‘It won’t be much of a night,’ Macon said. ‘Not knowing for sure.’
‘I swear,’ I told them. ‘I haven’t taken loop. Have I?’
Brunning stood in the engineering bay. His gun raised, pointing at shadows. He was swaying, undulating, as if he was about to faint.
‘How could it cut all the feeds?’ he said.
Shannon sank against one of the piles of machinery. She felt sick. Her head was pounding. All the strength had left her body. She was about to start crying again.
‘It’s smart,’ she said.
Banging. Hard, fast, as if testing the hull. Like a man, Brunning thought, tapping a wall to see where it was hollow. Where he could punch through.
‘Firebug down?’ he called into the intercom.
‘It shorted everything,’ Magritte’s voice came back. ‘Blew all the fuses, sir. Scrambled the computers.’
‘What do you have, Jason?’ Shannon asked wearily.
‘I don’t have anything. Mechanical systems, hydraulics, heat exchanger, but –’
Scrabbling, hard and angry, somewhere above them. It was coming in through the hull.
‘Open the hatch,’ she said.
‘What?’ Brunning yelled. ‘Are you crazy?’
She leaped to her feet. Anger, irrational anger, cannibalistic in the face of the enemy, drove all the weakness out of her.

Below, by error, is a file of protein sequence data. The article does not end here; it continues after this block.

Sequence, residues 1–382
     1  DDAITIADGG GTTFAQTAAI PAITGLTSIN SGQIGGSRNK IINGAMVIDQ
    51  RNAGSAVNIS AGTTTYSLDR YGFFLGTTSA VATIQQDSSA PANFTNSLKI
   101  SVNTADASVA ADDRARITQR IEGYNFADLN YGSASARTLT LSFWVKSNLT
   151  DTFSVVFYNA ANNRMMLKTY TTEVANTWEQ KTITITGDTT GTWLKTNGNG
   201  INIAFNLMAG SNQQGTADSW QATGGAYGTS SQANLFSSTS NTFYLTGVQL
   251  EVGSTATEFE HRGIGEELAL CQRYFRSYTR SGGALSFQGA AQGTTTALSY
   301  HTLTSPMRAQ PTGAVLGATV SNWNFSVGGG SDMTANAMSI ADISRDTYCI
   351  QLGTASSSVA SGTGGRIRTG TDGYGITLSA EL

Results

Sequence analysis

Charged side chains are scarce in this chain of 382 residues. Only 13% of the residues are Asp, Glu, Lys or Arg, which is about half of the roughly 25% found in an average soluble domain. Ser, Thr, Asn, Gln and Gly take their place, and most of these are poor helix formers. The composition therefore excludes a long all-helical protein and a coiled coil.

‘Listen to me,’ she yelled back. ‘It’s going to get in, either through the hull or through the hatch. If it makes it through the hull, we’re dead. If it destroys the hatch, we can’t get out of this ship, but we do still have the option of escape in the Firebug. I’d rather keep that option open.’
‘And if we can’t kill it?’
‘Retreat. One room at a time. One pressure door at a time. All the way to the Firebug.’
‘Abandon the outer ramparts,’ Brunning said. ‘Fall back to the keep.’
‘Something like that,’ Shannon said.
The noise was like a blinding white light, shooting through Brunning’s nerves and stabbing at the backs of his eyes. He felt like he was going to explode.
‘Jason,’ he whispered into the intercom. ‘Lower the drawbridge.’
Immediately the lid unsealed she was flung up against it. A wordless scream tore from her lips. It felt as if her lungs were being ripped out through her mouth. Her ears boomed. An intense pain drove through her body. Then the lid hinged back and she cartwheeled across the infirmary.